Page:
A global multi-hazard risk analysis of road and railway infrastructure assets

Keywords: Environmental impact, natural hazards, transport infrastructure, road, rail

This research was funded by a grant from the UK Engineering and Physical Science Research Council to the ITRC

Transport infrastructure in any country of the world is irrevocably exposed to one or more types of natural hazard. 

While many developed countries like the UK have a grasp of their own transportation networks and their exposure to natural hazards under current climatic conditions, there has long been a need to apply a globally consistent framework to understand the big picture and global risks the transportation sector faces – particularly as we approach uncertain future climate conditions.

The study demonstrates the potential for conducting infrastructure risk analysis at a high spatial resolution on a global scale.

The multi-hazard risk analysis presents the first global estimates of multi-hazard exposure and risk to road and rail infrastructure. It finds that around 27% of all global road and rail assets are exposed to at least one hazard and around 7.5% of assets exposed to a 1/100 year flood event.

The findings illustrate that global damage to road and rail infrastructure due to natural disasters could result in annual costs on average of approximately $14.6 billion, and that countries can save billions by systematically considering risks and protecting transport infrastructure assets from the planning stage.

The findings show that it is essential for countries to improve their transport planning by including risk information in their assessments, particularly around flooding exposure with over 73% of expected annual damages arising from surface and river flooding, and a further 15% of annual damages attributed to coastal flooding.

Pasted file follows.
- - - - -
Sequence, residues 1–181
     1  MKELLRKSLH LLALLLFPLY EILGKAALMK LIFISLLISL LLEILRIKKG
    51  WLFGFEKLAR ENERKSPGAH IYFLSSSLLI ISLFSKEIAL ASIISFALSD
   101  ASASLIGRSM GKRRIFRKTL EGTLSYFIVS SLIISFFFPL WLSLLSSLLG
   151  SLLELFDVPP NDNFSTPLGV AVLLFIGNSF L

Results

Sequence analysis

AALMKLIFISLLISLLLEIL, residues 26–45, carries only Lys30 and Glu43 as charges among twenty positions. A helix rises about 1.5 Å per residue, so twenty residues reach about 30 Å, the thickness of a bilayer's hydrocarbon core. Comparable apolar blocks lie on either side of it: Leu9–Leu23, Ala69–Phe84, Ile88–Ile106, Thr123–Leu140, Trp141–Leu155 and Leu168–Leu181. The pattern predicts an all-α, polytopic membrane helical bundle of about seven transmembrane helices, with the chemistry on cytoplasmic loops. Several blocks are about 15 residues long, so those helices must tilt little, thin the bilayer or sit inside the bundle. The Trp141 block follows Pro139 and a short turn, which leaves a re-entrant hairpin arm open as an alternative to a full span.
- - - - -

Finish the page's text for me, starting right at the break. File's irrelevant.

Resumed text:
As well as offering cost savings from improved transport planning, it supports the United Nations’ Sustainable Development Goal (SDG) 9 which calls for increased access to sustainable transport infrastructure in low and middle income countries, and SDG 11: make cities and human settlements inclusive, safe, and sustainable.

Research question and scope   

The research sought to further scientific research into the global impacts of natural disasters on infrastructure networks, both through direct infrastructure damage and indirect impacts on users and supply chains.

The researchers believe this is the first global study that addresses damaged networked infrastructure at the asset level, such as individual road segments or bridge structures.

The majority of previous research focuses on single hazards in isolation whilst this research comprehensively maps multiple natural disaster risks and their impacts on transport infrastructure, namely road and railway assets. The most frequently recorded and costliest disasters are included in the research: tropical cyclones (wind speed only), earthquakes, surface flooding, river flooding, and coastal flooding.